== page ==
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Boston ends snow emergency

Beverly Steed dug her car out on Lambert Avenue in Roxbury on Sunday.Lane Turner/Globe Staff

In one of the major signs that the recovery from the Blizzard of ‘22 is well underway, Boston’s state of emergency ended at 6 a.m. Monday and anyone who took the opportunity to park their vehicles at reduced rates has until 8 a.m. to depart - or start paying the full price for parking, the city said.

And for space savers? They can be used for next 48 hours, starting at 6 a.m., in every city neighborhood but the South End.

Boston Public Schools are open Monday, Mayor Wu said this weekend. But multiple school districts are closed Monday as communities wrestle with the impact of a powerful storm system that brought fierce winds and snowfall totals of two feet or more this weekend.

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Quincy, Medford and Revere were among the districts closed Monday. The Barnstable County Superior and Probate Courts are also closed due to power issues, the state’s trial court department said. Barnstable trial court events, both in-person and remote, were postponed.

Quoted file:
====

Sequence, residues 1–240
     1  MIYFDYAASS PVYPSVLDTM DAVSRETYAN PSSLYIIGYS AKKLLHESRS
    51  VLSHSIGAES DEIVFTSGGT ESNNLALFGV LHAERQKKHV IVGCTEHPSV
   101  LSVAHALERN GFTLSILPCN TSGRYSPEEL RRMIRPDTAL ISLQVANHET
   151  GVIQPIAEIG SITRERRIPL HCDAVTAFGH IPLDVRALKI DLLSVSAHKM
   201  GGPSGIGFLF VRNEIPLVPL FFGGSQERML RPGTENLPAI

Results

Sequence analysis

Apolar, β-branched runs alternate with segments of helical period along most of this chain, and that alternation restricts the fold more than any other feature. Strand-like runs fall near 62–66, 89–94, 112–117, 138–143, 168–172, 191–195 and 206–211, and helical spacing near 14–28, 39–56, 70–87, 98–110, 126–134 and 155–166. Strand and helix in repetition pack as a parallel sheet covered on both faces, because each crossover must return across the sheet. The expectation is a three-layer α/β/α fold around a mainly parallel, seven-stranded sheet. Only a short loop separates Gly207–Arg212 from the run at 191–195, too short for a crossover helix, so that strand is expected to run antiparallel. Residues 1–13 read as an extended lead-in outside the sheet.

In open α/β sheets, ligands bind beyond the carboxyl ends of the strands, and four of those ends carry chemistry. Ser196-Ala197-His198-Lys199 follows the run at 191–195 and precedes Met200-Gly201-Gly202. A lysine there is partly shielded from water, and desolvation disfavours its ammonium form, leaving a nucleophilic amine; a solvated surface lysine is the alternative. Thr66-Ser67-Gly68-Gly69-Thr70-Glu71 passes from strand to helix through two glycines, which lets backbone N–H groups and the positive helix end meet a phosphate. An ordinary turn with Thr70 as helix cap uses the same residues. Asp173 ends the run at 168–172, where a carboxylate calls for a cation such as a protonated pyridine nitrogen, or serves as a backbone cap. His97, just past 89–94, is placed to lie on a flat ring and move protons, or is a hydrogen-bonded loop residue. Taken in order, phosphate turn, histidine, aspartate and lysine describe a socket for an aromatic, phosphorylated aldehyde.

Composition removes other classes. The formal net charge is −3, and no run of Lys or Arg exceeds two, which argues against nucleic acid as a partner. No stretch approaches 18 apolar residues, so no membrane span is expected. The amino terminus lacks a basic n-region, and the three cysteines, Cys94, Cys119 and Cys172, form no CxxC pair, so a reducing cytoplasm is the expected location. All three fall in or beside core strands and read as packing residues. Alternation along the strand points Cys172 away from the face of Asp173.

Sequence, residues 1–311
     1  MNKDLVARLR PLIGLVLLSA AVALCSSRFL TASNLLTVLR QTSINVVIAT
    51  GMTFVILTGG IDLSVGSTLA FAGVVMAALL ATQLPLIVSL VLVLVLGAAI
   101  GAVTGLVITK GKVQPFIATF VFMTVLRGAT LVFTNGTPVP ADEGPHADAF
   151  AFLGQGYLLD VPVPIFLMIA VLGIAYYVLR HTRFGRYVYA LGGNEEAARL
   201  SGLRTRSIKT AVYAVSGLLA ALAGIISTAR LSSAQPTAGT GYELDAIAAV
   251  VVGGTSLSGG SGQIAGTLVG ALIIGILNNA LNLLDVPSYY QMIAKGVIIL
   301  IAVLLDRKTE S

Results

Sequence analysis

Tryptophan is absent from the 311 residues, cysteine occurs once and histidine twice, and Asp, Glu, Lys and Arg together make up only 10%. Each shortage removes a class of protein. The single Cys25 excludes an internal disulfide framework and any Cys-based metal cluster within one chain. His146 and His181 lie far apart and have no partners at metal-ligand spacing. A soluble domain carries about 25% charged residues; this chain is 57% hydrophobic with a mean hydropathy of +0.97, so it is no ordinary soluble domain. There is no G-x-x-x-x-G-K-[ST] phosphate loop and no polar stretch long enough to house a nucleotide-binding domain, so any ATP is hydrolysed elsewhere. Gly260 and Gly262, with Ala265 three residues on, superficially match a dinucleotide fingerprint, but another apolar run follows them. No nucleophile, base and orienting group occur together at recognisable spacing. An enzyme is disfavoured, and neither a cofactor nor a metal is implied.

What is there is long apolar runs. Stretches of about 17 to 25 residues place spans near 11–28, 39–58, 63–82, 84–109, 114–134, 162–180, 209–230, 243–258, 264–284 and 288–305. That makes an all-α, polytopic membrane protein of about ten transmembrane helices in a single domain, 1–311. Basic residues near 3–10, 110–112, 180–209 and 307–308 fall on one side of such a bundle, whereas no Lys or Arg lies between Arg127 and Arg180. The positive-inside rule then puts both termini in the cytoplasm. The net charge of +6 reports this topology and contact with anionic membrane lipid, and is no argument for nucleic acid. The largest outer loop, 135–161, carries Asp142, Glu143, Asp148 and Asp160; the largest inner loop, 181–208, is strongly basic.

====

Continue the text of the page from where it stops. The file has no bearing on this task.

Temperatures Monday will be in the teens, but a warm up is expected this week, according to the National Weather Service.

The bomb cyclone weather event brought winds reaching up to 70 miles an hour in some areas and knocked out power to tens of thousands of customers on Cape Cod, the South Coast and the Islands. But by Monday, restoration efforts by utilities had been successful with just about 500 remaining without power, according to the Massachusetts Emergency Management Agency.

At Logan International Airport, the city matched a one-day record for snowfall set on Feb. 17, 2003, with 23.6 inches falling over a 24-hour span. During the entire storm, which began late Friday night, a total of 23.8 inches fell at the airport, according to the weather service.

The top snow totals in Massachusetts reached 30 or more inches during Saturday’s storm, including Stoughton, the winner with 30.9 inches, and Sharon, close behind with 30.4, followed by Quincy at an even 30.

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This is a developing story and will be updated with new information when it becomes available.



John R. Ellement can be reached at john.ellement@globe.com. Follow him on Twitter @JREbosglobe.